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Don't judge a book by it's cover

Pocket Mirror has been in development by group Astral Shift for long, roughly 3 years. In those years, we were treated with great art and the promise of a great, mysterious plot. What we got was just the former, seeing as the plot unfortunately turned out to be just a poorly-executed cliché.

Spoilers ahead

We play as Goldia, a small girl who wakes up with no memories and a mysterious pocket mirror. The pocket mirror, the titular item, stays mysterious after you finish the game. We are treated to beautiful maps and sprites, but only accompanied with lackluster gameplay and even worse writing. Gameplay is the usual IB/Witch's House deal of solving riddles and picking up keys. The characters we meet all fall into flat, cardboard templates of your typical anime. One of these characters especially, the puppet, is so inconsistent it's grating to read. Which is another major gameplay element: reading.

At some points, you will find yourselves forgetting what they were talking about mid-dialogue due to the sheer irrelevancy of the content. It is apparent that the dialogue wasn't planned, as it mainly boils down to pseudo-philosophical gibberish to give the game an illusion of depth. The dialogue also reveals itself to be repetitive, to the point that it's drinking-game worthy. Walls of dialogue interceded with small portions of gameplay become more frequent until we end up playing a "walk-able visual novel" by the end stage of Pocket Mirror.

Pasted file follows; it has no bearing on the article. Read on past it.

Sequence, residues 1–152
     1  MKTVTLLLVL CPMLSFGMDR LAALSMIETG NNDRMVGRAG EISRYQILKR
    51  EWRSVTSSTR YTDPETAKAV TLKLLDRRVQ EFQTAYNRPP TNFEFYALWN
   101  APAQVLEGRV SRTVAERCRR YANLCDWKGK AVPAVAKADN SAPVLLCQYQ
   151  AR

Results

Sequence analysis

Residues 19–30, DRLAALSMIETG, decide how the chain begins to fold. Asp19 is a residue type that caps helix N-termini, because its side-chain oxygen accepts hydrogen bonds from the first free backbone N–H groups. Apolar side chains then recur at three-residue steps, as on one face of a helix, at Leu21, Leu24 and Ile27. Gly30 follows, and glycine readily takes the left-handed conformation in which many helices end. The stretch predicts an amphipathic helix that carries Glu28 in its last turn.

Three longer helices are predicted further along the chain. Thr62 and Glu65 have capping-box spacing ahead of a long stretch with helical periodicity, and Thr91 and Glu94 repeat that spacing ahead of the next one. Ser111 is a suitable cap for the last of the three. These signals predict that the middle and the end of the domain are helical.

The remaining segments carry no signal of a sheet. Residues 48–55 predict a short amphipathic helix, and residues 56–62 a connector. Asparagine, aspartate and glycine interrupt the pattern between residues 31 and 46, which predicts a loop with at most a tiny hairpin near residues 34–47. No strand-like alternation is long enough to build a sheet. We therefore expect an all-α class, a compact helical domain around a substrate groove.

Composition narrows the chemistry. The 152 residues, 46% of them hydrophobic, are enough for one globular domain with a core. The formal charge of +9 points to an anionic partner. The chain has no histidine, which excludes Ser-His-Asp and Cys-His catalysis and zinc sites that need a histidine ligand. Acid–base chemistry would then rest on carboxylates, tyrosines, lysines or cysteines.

And what an end it was. Between the 4 different endings, we are treated with abstract, seemingly rushed and not thought out sequences that explain nothing and leave us with more questions than when we started out. And the (I presume) cannon ending reveals that everything we experienced was in Goldia's mind, and we were in an asylum all along. Even ignoring the banality of this trope, Astral Shift executes this with complete disregard for accuracy, romanticizing mental illness and painting it as plain-old "Hollywood-crazy". Identities fighting over the control of the body is not how DID works, but apparently all is fair game and sense is optional when making an RPG maker horror game that shoots for the moon but is barely able to reach the atmosphere.

As a first game, it's impressive the level of visual polish that Pocket Mirror achieved. As for the rest, here's to hoping future releases will improve and learn from the mistakes.